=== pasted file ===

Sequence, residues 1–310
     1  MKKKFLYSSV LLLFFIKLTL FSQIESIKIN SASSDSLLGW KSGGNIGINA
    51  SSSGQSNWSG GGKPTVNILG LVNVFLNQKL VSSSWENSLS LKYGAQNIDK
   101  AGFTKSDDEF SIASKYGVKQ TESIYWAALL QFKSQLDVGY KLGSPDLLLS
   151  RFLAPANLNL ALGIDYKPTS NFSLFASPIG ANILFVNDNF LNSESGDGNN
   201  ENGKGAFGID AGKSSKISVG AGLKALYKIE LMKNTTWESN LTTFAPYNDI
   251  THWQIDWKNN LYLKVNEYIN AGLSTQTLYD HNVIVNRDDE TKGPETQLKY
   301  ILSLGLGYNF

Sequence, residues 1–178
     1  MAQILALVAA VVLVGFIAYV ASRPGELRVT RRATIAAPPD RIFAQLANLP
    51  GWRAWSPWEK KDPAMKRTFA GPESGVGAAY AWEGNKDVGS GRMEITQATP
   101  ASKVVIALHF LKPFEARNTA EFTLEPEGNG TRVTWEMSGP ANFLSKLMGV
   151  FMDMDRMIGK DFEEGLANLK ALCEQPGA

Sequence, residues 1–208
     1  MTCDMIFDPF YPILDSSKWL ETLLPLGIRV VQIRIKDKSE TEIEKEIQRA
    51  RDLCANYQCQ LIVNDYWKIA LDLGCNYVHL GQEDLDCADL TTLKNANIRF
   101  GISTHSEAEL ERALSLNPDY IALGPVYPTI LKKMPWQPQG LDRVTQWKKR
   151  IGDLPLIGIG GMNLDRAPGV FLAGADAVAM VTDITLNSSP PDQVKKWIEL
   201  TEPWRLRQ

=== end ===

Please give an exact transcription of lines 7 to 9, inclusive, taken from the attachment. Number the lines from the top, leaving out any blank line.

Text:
   251  THWQIDWKNN LYLKVNEYIN AGLSTQTLYD HNVIVNRDDE TKGPETQLKY
   301  ILSLGLGYNF

Sequence, residues 1–178